Cars.com Names Most-Improved and Worst Cars of the Decade
With 2010 model year vehicles already on dealer lots, Cars.com editors reminisced on the good, the bad and the ugly of the past decade to compile their top ten most-improved and worst cars of the decade.
"Despite the current gloom, automakers have really stepped up the past decade and have put out some great vehicles," says Patrick Olsen, editor in chief of Cars.com. "We've seen mass adoption of new vehicle types like crossovers and hybrids. On the other hand, we've also seen a lot of duds."
In order to be considered as one of the most-improved or worst cars of the decade, a car had to be sold at any point in the 2000s; some of these models were only on the market for a few years, while others are still being sold today.
Worst Cars of the 2000s:
Whether poorly executed, ill-conceived or downright dreadful to look at, the 10 cars listed below stood out to the Cars.com editors for all the wrong reasons.
10. Pontiac Aztek(2001-2005): The Aztek was criticized for the duration of its life for its ghastly styling. Were the critics wrong? Yeah, we didn't think so.
9. Daewoo Anything (1999-2002): We had just tested a Suzuki Esteem and marveled at how competent even the cheapest little econoboxes had become when a leather-lined Leganza midsize sedan showed up -- the best Daewoo had to offer. We mused over which would kill us first: the toxic gases from the cheap interior or the recalcitrant transmission and inconsistent acceleration. Three days into the loan, the first Daewoo crash tests in U.S. history came out, and we called Daewoo and told them to come pick up the car. We'd never done that before, and we haven't since.
8. Isuzu VehiCROSS(1999-2002): The outrageous Isuzu VehiCROSS two-door SUV, whose extreme styling drew varied reactions, lasted from 1999 to 2001, and even that's surprising. The fanglike grille uprights made it look like it would eat you, which was scary mainly because inside the VehiCROSS was a place no one wanted to be.
7. Jaguar X-Type(2002-2008): In the early 2000s, the class of entry-level luxury cars was growing. Wanting in, Jaguar came out with the X-Type. Sharing its front-drive platform with a European Ford Mondeo, the X-Type was a too-small, not-so-sporty sedan with all-wheel drive that was hamstrung by some of the forewarned quality issues.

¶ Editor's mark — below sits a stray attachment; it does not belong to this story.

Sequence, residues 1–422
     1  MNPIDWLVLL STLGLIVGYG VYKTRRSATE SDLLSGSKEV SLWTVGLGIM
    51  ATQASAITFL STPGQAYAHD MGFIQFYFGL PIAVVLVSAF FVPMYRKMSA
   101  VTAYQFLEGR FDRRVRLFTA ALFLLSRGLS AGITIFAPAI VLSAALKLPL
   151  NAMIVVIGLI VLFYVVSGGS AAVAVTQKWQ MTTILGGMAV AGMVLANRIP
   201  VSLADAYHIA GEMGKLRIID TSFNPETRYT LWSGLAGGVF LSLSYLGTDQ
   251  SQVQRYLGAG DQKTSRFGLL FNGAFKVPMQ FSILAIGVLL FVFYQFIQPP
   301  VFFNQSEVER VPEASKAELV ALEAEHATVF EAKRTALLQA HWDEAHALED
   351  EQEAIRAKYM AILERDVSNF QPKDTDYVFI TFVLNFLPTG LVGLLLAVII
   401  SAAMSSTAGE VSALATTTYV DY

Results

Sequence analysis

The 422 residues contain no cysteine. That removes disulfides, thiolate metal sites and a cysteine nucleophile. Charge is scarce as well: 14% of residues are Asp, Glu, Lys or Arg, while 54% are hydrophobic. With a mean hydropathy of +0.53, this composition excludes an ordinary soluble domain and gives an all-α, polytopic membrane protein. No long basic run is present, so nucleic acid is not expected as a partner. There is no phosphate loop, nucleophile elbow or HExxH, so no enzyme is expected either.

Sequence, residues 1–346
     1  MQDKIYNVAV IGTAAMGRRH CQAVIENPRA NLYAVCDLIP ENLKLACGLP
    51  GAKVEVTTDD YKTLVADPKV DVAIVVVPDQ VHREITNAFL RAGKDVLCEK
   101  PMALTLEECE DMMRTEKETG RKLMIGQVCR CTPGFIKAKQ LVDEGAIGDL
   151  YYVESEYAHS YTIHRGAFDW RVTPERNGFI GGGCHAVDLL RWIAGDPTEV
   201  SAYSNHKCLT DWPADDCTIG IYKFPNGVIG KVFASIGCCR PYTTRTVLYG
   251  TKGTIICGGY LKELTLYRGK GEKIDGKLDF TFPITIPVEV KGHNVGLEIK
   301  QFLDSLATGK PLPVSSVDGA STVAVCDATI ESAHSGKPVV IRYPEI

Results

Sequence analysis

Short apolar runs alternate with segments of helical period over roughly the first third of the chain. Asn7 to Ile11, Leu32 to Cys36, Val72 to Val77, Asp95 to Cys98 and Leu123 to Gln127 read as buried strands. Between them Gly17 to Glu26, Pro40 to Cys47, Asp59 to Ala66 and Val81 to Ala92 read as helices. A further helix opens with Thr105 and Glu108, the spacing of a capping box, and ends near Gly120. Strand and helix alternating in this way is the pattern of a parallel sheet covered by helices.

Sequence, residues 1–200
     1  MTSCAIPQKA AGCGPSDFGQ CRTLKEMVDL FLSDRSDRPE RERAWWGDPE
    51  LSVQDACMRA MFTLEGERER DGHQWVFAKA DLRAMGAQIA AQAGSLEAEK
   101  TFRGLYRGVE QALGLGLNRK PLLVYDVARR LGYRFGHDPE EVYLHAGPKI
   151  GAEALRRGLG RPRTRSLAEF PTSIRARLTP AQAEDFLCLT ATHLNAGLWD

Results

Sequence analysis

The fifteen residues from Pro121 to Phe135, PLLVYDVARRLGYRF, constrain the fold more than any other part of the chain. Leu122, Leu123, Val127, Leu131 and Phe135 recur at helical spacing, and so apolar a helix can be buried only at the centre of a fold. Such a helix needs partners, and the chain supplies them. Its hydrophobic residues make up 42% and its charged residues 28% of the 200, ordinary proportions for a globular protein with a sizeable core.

6. Pontiac Sunfire(1995-2005): The Sunfire managed the rare feat of having a worse interior than its GM twin, the Chevy Cavalier. Cheap interior plastics run amok, a coarse four-cylinder engine and horrendous crash-test ratings sealed its fate.
5. Cadillac Catera(1997-2001): In the late '90s, the Opel Omega begat a Cadillac that was sporty in theory but soft and underpowered in practice, rear-wheel-drive in design but front-wheel-drive in feel. And that's just the car. Cadillac didn't help its case with advertising that included the tagline "The Caddy That Zigs," supermodel Cindy Crawford, an animated duck, and the suggestion to "lease a Catera" with the response, "Who's Lisa Catera?" The geniuses responsible for the Catera should have been exiled, but we suspect they went on to develop something called the Pontiac Aztek.
4. Toyota Echo(2000-2005): The Echo subcompact's high seating position and center-mounted instrument panel were two well-intentioned features that were summarily rejected by consumers (though they would find their proponents in later years and other models). Call the Echo ahead of its time if you must; mainly it just wasn't a very good car.
3. Jeep Compass(2007-present): The Compass doesn't belong in the Jeep lineup, a brand known and respected for its off-road ability. It's a soft-roading poseur, and not a good one at that.
2. Chrysler Sebring(1995-present): The previous-generation Sebring wasn't a bad car in its day, but Chrysler dropped the ball with the redesigned 2007 model. With a weak base powertrain, uncomfortable front seats, poor interior quality and haphazard styling, it never had a chance in the highly competitive midsize-sedan segment.
1. Smart ForTwo(2008-present): We don't have a problem with small cars in general (we're big fans of the Mini Cooper), just with ones that don't deliver on the benefits of going small. The pint-sized ForTwo sacrifices a lot of passenger space for a relatively unimpressive 41 mpg on the highway, has an SUV-like propensity to roll over, and is equipped with an aggravating sequential manual transmission. Sure, the ForTwo looks cute, but after you drive it you won't be smiling anymore.